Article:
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When the Royals came marching in

Last updated on: April 12, 2016 08:41 IST

'He is London ka raja. I offered her a dosa, but she said no thanks.'

'She was elegant not just in beauty, but in heart and nature too.'

'I was awestruck to see them both. Such a handsome charming prince. And very beautiful, pretty, Kate'

Vaihayasi Pande Daniel/Rediff.com discovers that Will and Kate collected quite a few Mumbai hearts on two sweltering days in April.

Prince William and Princess Catherine enter Todi Mills Social

IMAGE: The Duke and Duchess of Cambridge enter the Todi Mills Social cafe, Parel, central Mumbai. Photograph: Vaihayasi Pande Daniel/Rediff.com

Sahil Khan, 22, is not over enthused. Just cool.

He has already met Narendra Modiji at the Make in India event in February. And the chief minister of Bihar, Nitish Kumar, in Patna last year. And the minister of health from Karnataka. He will meet a couple more ministers in Gujarat when he goes on another road show.

Khan takes therefore a meeting with Britain's Duke and Duchess of Cambridge unflappably in his stride. Never mind that he and his boss got the longest, and probably the most intriguing, audience, with the royal couple on their first trip to India.

The 22-year-old resident of Govandi, north-east Mumbai, who has a diploma in mechanics from Al Kabir Polytechnic, Bhagalpur (where he and his family hail from), and Eshwar K Vikas, 24, CEO, Mukunda Foods, merrily fry dosas with the royal couple, using the start-up's automatic, table-top hands-free dosa machine as British High Commissioner Sir Dominic Asquith and Deputy High Commissioner Kumar Iyer patiently stand by, along with a host of palace officials, surely drooling.

William has not heard of dosas before.

Kate apparently has. "Oh dosa, I know this!" she says, knowledgeably.

They are eager to try out the machine that functions quite literally like a food printer. He pours the batter with a steady hand. She presses the buttons. They work always carefully and charmingly in tandem, these two, in public; he very deferential to her.

Delicious smells began to waft...

Bingo! Lolz. They make their first Cambridge Dosa together, as crispy and delicious as what Thiru Muthuswamy makes, close by in Matunga. He gamely samples his creation and pronounces it very good. She asks if she could use the machine to make pancakes. And is told it could make crepes, omelets too.

No doubt Kensington Palace will soon order the Rs 150,000 (nearly £1,600) machine and George and Charlotte will grow up in a radically-pc, dosa-and-crumpets-inhabited world (where Thomas the Tank Engine also now lives with Ashima & Co).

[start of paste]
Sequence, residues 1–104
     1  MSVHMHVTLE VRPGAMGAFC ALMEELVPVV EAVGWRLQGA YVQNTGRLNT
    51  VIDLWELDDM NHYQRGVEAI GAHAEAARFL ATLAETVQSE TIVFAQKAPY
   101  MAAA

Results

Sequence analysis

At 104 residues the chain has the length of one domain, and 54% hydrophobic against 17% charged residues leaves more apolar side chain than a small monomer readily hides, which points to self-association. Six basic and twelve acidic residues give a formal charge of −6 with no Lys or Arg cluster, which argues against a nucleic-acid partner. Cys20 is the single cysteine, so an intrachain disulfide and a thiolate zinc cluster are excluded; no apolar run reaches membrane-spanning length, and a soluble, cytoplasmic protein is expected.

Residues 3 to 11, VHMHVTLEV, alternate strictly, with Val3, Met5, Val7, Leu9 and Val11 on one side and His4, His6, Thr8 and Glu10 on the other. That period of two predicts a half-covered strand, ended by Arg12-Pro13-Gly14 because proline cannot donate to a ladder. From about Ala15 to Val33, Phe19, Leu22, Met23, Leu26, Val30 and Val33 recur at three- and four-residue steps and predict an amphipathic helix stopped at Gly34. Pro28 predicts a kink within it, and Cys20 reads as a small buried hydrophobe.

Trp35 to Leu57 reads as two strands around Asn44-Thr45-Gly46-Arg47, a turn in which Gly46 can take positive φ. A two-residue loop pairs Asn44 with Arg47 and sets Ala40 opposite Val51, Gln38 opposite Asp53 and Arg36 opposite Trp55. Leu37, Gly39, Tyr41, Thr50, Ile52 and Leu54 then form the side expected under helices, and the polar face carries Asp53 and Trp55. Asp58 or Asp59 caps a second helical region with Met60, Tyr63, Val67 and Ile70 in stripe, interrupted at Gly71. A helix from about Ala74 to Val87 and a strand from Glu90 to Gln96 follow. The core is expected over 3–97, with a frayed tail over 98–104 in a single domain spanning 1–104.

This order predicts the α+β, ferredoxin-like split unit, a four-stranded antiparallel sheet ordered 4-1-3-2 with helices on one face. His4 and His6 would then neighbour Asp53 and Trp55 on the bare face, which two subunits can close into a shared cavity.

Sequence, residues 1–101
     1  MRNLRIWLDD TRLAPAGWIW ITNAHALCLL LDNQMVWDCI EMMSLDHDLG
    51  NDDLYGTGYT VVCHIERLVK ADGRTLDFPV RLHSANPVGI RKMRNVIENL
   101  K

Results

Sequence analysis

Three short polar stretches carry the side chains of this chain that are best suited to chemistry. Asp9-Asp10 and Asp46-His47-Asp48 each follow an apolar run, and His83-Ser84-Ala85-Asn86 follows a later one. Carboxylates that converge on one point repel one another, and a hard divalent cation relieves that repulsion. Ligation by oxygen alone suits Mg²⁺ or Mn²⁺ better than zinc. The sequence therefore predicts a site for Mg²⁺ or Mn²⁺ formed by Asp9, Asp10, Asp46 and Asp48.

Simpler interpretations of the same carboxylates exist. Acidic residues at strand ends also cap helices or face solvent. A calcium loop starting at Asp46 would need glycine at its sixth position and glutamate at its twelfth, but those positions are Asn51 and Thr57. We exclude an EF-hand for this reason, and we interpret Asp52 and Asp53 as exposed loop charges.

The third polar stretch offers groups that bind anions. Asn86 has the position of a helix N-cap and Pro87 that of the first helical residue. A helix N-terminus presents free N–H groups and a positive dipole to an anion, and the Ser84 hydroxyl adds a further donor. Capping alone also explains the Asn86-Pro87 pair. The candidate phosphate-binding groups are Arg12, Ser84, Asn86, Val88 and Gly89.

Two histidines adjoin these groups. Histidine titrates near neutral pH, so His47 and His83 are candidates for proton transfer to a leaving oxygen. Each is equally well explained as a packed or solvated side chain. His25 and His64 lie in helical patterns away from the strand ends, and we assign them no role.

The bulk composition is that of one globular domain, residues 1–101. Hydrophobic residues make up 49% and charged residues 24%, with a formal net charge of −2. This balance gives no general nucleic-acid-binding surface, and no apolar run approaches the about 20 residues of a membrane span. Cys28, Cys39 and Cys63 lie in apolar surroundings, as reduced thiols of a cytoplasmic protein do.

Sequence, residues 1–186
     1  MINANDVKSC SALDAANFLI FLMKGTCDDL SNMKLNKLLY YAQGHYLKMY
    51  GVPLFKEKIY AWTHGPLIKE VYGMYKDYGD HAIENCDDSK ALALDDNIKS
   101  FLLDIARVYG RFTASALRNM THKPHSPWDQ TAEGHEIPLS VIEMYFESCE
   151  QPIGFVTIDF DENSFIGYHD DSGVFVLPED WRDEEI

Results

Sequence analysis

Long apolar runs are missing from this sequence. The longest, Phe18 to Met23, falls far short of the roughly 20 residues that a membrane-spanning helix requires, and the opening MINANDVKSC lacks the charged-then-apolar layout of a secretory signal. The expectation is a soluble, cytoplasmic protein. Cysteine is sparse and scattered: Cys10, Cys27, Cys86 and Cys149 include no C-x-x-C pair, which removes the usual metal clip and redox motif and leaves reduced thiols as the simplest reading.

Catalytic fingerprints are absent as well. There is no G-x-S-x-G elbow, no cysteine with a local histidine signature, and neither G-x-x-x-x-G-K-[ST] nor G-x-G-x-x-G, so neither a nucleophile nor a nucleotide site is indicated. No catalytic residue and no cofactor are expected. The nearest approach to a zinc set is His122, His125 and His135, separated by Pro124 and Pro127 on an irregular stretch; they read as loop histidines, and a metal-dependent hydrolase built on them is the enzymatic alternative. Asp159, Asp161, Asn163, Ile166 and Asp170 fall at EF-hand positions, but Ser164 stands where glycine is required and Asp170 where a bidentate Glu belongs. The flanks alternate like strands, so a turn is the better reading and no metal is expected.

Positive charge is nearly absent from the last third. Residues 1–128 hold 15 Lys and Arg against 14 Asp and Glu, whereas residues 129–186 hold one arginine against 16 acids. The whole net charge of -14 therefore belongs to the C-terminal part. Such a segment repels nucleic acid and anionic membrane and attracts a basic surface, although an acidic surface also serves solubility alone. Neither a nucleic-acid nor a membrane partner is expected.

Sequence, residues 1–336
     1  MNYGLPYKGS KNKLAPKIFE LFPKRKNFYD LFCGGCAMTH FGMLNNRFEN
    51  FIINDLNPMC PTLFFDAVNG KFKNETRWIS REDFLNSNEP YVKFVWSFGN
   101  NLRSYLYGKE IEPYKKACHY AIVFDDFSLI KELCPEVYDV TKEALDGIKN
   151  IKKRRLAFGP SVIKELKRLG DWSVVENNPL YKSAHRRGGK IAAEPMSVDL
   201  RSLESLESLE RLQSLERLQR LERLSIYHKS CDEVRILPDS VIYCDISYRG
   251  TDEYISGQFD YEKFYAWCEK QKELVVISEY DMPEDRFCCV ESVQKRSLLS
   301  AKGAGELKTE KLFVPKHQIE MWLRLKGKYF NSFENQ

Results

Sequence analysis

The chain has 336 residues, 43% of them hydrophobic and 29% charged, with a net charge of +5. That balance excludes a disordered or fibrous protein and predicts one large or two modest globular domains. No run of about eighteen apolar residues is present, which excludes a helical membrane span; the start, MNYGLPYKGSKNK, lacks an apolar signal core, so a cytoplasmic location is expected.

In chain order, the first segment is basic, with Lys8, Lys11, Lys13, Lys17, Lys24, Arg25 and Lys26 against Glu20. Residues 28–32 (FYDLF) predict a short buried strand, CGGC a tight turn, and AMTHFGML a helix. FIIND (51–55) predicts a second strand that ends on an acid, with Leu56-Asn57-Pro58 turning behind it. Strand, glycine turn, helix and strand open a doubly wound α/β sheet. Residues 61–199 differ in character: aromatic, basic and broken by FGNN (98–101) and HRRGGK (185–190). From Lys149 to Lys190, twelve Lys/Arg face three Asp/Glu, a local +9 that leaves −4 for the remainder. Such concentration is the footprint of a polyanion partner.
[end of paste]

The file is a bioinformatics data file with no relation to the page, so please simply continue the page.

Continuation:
Says Khan, whose father is also a technician: "He is London ka raja. I didn't know who they were initially. They seemed like very nice people. I offered her a dosa, but she said no thanks."

"I was sceptical if they would know what a dosa was or not," says Bangalore-based Vikas. "I said this is an Indian crepe. The duchess (knew). So I thought: My job is easier now. I told them how the machine works. They were more excited to make the dosa. They said: 'Oh okay, let's make the dosa now.' The machine was so easy that they could make it easily."

"I said if you are in India and haven't tasted the dosa, then you have not visited India! He said, 'No, I would like to taste the dosa.' He took a bite of it. And he said: 'Awesome. It is very nice.'"

He asked whether you have these machines in London. So I said yes we have commercial machines out there (Mukunda Foods has sold 500 machines to 16 countries). He said they definitely needed one of those in the palace. They were very friendly. They were cool. Normally they don't eat in public. The dosa was so irresistible they had it," he adds proudly.

Duke and Duchess Cambridge with Sahil Khan and Eshwar Vikas

IMAGE: The Duke and Duchess of Cambridge with Eshwar Vikas and Sahil Khan (far right). Photograph: Getty Images

Like the dosa-making session, the Cambridges' 40-minute high-energy interaction with young entrepreneurs at the Todi Mills Social, a Parel, central Mumbai, cafe, is imaginatively and meticulously choreographed. The couple arrive, in spite of a morcha that had traffic in a tangle, hardly four minutes behind time, in a shiny black Jaguar, flying royal standard colours.